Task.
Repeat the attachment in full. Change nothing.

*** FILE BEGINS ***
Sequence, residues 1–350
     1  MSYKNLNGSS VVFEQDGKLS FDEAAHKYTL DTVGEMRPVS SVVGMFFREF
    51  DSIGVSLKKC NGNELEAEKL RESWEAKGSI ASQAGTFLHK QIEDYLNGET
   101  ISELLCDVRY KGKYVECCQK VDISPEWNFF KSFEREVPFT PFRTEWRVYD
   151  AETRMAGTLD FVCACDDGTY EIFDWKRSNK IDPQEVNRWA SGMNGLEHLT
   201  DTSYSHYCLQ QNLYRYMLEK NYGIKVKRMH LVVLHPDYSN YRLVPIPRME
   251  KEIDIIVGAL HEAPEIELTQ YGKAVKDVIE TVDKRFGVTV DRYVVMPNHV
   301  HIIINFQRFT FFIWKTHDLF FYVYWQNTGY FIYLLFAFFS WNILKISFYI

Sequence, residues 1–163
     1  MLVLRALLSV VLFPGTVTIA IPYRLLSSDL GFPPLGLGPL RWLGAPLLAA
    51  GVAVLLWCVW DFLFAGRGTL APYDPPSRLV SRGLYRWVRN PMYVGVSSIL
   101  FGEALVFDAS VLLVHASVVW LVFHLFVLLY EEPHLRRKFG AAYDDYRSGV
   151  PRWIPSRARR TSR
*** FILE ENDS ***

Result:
Sequence, residues 1–350
     1  MSYKNLNGSS VVFEQDGKLS FDEAAHKYTL DTVGEMRPVS SVVGMFFREF
    51  DSIGVSLKKC NGNELEAEKL RESWEAKGSI ASQAGTFLHK QIEDYLNGET
   101  ISELLCDVRY KGKYVECCQK VDISPEWNFF KSFEREVPFT PFRTEWRVYD
   151  AETRMAGTLD FVCACDDGTY EIFDWKRSNK IDPQEVNRWA SGMNGLEHLT
   201  DTSYSHYCLQ QNLYRYMLEK NYGIKVKRMH LVVLHPDYSN YRLVPIPRME
   251  KEIDIIVGAL HEAPEIELTQ YGKAVKDVIE TVDKRFGVTV DRYVVMPNHV
   301  HIIINFQRFT FFIWKTHDLF FYVYWQNTGY FIYLLFAFFS WNILKISFYI

Sequence, residues 1–163
     1  MLVLRALLSV VLFPGTVTIA IPYRLLSSDL GFPPLGLGPL RWLGAPLLAA
    51  GVAVLLWCVW DFLFAGRGTL APYDPPSRLV SRGLYRWVRN PMYVGVSSIL
   101  FGEALVFDAS VLLVHASVVW LVFHLFVLLY EEPHLRRKFG AAYDDYRSGV
   151  PRWIPSRARR TSR